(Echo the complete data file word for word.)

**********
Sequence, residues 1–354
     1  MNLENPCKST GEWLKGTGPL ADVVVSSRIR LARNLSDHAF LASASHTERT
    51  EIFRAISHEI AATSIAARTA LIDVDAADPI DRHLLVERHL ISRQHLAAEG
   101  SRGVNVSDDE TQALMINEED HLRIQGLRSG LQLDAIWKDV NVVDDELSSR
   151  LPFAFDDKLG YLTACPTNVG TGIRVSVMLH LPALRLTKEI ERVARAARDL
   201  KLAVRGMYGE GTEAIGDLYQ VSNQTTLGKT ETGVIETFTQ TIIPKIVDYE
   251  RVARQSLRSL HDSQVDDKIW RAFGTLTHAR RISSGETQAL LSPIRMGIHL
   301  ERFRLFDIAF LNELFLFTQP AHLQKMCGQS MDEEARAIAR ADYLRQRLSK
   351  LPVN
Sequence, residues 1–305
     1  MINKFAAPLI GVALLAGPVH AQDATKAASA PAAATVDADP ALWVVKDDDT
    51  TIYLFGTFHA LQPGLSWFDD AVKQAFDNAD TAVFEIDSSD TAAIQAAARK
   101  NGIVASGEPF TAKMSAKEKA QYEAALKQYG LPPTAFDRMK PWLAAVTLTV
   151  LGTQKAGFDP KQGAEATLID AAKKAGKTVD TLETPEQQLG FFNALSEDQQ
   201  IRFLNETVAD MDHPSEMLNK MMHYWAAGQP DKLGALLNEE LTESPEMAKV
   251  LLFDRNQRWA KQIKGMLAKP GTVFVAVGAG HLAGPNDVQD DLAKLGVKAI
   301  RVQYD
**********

Sequence, residues 1–354
     1  MNLENPCKST GEWLKGTGPL ADVVVSSRIR LARNLSDHAF LASASHTERT
    51  EIFRAISHEI AATSIAARTA LIDVDAADPI DRHLLVERHL ISRQHLAAEG
   101  SRGVNVSDDE TQALMINEED HLRIQGLRSG LQLDAIWKDV NVVDDELSSR
   151  LPFAFDDKLG YLTACPTNVG TGIRVSVMLH LPALRLTKEI ERVARAARDL
   201  KLAVRGMYGE GTEAIGDLYQ VSNQTTLGKT ETGVIETFTQ TIIPKIVDYE
   251  RVARQSLRSL HDSQVDDKIW RAFGTLTHAR RISSGETQAL LSPIRMGIHL
   301  ERFRLFDIAF LNELFLFTQP AHLQKMCGQS MDEEARAIAR ADYLRQRLSK
   351  LPVN
Sequence, residues 1–305
     1  MINKFAAPLI GVALLAGPVH AQDATKAASA PAAATVDADP ALWVVKDDDT
    51  TIYLFGTFHA LQPGLSWFDD AVKQAFDNAD TAVFEIDSSD TAAIQAAARK
   101  NGIVASGEPF TAKMSAKEKA QYEAALKQYG LPPTAFDRMK PWLAAVTLTV
   151  LGTQKAGFDP KQGAEATLID AAKKAGKTVD TLETPEQQLG FFNALSEDQQ
   201  IRFLNETVAD MDHPSEMLNK MMHYWAAGQP DKLGALLNEE LTESPEMAKV
   251  LLFDRNQRWA KQIKGMLAKP GTVFVAVGAG HLAGPNDVQD DLAKLGVKAI
   301  RVQYD